Solid-fluid coupling models the dynamics of fluids and solids. Specifically, these dynamics are computed simultaneously, which can be problematic. The challenge in this field is to make it less so, while ensuring a reflective representation of the physical forces at work. In 1- way coupling, the solid (or fluid) affects the fluid (solid), but not vice versa. This is not the case for 2-way coupling, where both objects affect each other, imposing more constraints upon the system. To account for each object’s phenomena, there exists solid and fluid handlers to model these phenomena, respectively. These solvers utilize a variety of boundary conditions, familiar to us from past math/physics courses, such as the Dirichlet, Navier-Stokes, and Neumann equations. Depending on the object and conditions, desirable properties are optimized. For solids, these would be mass and acceleration, whereas for fluids, these are position and velocity. The solution lies in the mixed-solver, and which numerical methods best model these behaviors.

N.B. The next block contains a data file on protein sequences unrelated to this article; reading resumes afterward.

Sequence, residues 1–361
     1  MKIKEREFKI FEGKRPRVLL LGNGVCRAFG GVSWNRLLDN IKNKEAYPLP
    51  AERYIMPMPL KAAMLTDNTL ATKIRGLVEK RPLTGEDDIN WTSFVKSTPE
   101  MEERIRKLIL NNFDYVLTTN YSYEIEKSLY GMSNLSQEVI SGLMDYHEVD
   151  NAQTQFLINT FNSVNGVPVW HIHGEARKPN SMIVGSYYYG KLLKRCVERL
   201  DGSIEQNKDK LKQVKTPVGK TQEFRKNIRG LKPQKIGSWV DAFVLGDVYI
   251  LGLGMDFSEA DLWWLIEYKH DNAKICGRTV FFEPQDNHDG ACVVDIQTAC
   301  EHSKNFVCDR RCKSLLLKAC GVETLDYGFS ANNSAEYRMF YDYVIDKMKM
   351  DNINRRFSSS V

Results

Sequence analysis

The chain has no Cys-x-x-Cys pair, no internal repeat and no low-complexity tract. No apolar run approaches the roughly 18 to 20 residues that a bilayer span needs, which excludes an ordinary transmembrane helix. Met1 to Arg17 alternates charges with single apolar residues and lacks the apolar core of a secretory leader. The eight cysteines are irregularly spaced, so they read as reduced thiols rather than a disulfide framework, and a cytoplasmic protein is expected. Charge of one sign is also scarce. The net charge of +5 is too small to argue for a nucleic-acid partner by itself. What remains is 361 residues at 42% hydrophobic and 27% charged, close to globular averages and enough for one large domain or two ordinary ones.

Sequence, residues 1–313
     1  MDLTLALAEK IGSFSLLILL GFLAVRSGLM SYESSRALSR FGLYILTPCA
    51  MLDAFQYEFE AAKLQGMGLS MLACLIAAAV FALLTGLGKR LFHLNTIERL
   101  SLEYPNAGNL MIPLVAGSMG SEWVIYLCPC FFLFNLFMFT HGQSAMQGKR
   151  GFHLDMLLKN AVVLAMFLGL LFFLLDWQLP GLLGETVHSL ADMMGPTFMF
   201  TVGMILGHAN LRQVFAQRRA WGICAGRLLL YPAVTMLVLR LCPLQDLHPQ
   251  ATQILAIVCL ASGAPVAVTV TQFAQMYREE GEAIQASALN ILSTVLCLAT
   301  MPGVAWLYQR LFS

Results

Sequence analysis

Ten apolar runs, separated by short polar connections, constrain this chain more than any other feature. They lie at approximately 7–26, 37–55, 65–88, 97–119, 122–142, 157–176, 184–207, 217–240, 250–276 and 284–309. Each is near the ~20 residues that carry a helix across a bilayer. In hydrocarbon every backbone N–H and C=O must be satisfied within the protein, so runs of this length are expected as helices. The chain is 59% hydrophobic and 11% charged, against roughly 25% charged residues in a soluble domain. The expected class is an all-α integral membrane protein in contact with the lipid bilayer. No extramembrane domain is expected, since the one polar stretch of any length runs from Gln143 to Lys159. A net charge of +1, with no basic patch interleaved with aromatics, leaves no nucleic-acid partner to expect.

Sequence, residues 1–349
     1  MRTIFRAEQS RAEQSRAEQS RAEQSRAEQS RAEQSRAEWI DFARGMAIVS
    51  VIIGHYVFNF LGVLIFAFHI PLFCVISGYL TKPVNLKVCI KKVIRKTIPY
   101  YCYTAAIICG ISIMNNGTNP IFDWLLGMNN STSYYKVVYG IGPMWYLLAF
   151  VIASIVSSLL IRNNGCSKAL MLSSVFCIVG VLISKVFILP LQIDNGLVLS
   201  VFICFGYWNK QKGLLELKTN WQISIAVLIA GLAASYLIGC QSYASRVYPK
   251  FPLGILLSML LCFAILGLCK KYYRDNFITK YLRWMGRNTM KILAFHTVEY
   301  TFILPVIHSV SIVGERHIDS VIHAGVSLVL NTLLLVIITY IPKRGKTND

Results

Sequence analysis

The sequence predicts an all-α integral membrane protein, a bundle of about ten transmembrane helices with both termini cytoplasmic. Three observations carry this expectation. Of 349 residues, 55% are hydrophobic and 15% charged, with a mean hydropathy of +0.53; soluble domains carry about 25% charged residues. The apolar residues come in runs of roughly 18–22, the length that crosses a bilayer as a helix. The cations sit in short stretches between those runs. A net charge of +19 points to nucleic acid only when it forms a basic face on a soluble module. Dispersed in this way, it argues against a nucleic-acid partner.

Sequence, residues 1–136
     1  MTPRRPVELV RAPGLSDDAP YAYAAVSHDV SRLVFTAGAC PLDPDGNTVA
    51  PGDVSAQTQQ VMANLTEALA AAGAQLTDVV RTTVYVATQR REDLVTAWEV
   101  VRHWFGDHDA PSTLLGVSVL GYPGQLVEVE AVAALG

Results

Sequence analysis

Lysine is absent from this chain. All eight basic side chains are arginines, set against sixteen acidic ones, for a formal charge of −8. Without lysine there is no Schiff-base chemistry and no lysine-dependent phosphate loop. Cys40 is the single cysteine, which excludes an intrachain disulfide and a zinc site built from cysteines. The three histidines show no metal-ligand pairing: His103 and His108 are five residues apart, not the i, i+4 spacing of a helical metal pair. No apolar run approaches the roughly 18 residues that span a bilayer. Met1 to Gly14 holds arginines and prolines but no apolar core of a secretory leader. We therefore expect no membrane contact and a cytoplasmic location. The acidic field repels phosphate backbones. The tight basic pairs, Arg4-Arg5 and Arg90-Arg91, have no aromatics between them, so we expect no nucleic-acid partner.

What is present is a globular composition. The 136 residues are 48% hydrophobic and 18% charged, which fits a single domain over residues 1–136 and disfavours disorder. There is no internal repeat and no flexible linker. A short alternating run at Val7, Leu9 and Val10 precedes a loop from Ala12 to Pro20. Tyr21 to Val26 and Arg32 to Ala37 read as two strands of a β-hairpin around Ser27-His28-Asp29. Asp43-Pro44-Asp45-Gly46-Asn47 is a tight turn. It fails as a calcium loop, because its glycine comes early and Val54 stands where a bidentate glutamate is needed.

There are multiple options to go about optimizing coupled-interaction. Partitioning the solver is a popular approach. In this approach, fixed point iteration and Newton’s method are strategies that solve the nonlinear system of equations, linearizing the 2-way coupling in terms of the solid and fluid. The partitioned methods tend to be more modular and easier to implement. In contrast, monolithic methods are more stable, have better performance, and handle closed regions better. In comparison to each other, their strengths are the other’s weaknesses. Common risks are that iterations can be computationally expensive and/or that they won’t converge at all. This is remedied by incorporating a reduced model interface (RMI), which serves as an intermediary lightweight solver between the solid and fluid. In effect, the RMI helps estimate tricky Jacobians in a least-weight sense. Dr. Shinar’s research specifically compares these numerical schemes in reference to an under-relaxation variable, which optimizes solution oscillations and aids in stability. The smaller this value, the slower and less efficient the computational time, in tradeoff for increased stability. The takeaways here are that the partition approach in isolation fails in terms of convergence, and the Partition-Coupling and RMI under low under-relaxation will yield optimal convergence in the shortest time. There still remain certain bounded regions, like (incompressible) Dirichlet regions, which interfere with the dynamics of known solid-fluid coupling techniques, but this has yet to be explored. For more information regarding Dr. Shinar’s research, please refer here.